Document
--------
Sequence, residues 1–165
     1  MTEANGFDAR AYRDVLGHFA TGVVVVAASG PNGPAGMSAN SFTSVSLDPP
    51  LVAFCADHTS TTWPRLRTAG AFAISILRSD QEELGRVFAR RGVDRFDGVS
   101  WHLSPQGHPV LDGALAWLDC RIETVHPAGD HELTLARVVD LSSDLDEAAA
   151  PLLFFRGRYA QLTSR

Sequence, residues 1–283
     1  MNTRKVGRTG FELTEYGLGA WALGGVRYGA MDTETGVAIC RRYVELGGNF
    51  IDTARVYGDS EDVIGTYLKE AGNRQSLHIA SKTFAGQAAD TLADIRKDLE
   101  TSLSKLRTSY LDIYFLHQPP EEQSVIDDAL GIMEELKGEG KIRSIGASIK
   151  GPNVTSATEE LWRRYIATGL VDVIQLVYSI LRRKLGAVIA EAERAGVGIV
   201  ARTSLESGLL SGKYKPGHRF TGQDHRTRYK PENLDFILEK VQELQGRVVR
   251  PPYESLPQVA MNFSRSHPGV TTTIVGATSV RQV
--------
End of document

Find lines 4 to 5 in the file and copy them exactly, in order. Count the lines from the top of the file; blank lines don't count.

   101  WHLSPQGHPV LDGALAWLDC RIETVHPAGD HELTLARVVD LSSDLDEAAA
   151  PLLFFRGRYA QLTSR